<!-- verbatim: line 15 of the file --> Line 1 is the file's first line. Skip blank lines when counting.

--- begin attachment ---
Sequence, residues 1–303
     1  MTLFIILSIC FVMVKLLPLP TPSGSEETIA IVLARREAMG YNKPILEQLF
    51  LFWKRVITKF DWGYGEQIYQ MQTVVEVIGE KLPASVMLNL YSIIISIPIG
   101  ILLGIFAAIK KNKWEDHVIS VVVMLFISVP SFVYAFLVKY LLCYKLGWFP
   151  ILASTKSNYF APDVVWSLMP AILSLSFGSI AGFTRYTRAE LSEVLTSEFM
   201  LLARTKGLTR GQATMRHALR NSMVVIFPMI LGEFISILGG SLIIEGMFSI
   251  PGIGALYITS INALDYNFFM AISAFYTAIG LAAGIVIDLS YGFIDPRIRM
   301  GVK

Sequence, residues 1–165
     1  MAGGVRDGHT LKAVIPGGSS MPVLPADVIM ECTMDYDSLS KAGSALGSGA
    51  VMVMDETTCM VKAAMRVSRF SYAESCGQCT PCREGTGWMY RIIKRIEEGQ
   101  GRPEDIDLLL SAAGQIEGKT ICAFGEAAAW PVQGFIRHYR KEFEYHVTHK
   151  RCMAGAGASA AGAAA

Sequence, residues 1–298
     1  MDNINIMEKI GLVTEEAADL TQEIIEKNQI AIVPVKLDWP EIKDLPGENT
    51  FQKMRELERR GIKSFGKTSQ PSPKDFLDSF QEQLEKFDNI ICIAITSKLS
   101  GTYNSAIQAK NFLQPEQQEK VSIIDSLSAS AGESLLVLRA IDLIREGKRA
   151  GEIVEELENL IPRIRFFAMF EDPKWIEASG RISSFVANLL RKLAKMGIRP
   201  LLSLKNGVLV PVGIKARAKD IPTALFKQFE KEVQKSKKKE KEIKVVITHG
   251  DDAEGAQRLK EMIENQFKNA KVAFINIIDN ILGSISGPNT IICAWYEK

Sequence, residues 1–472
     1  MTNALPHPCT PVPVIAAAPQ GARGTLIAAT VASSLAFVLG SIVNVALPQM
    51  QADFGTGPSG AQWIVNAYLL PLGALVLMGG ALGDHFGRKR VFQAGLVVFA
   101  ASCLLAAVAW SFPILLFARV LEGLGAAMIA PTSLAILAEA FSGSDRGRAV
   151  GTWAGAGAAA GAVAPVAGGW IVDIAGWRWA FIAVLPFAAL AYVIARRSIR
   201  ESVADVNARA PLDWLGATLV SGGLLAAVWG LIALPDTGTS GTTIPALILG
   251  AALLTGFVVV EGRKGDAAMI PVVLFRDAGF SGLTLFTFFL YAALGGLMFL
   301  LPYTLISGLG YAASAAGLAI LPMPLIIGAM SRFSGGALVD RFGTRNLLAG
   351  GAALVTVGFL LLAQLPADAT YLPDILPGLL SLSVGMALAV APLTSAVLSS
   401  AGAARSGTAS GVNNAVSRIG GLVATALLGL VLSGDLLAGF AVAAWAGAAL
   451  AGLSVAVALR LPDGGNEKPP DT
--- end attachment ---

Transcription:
     1  MDNINIMEKI GLVTEEAADL TQEIIEKNQI AIVPVKLDWP EIKDLPGENT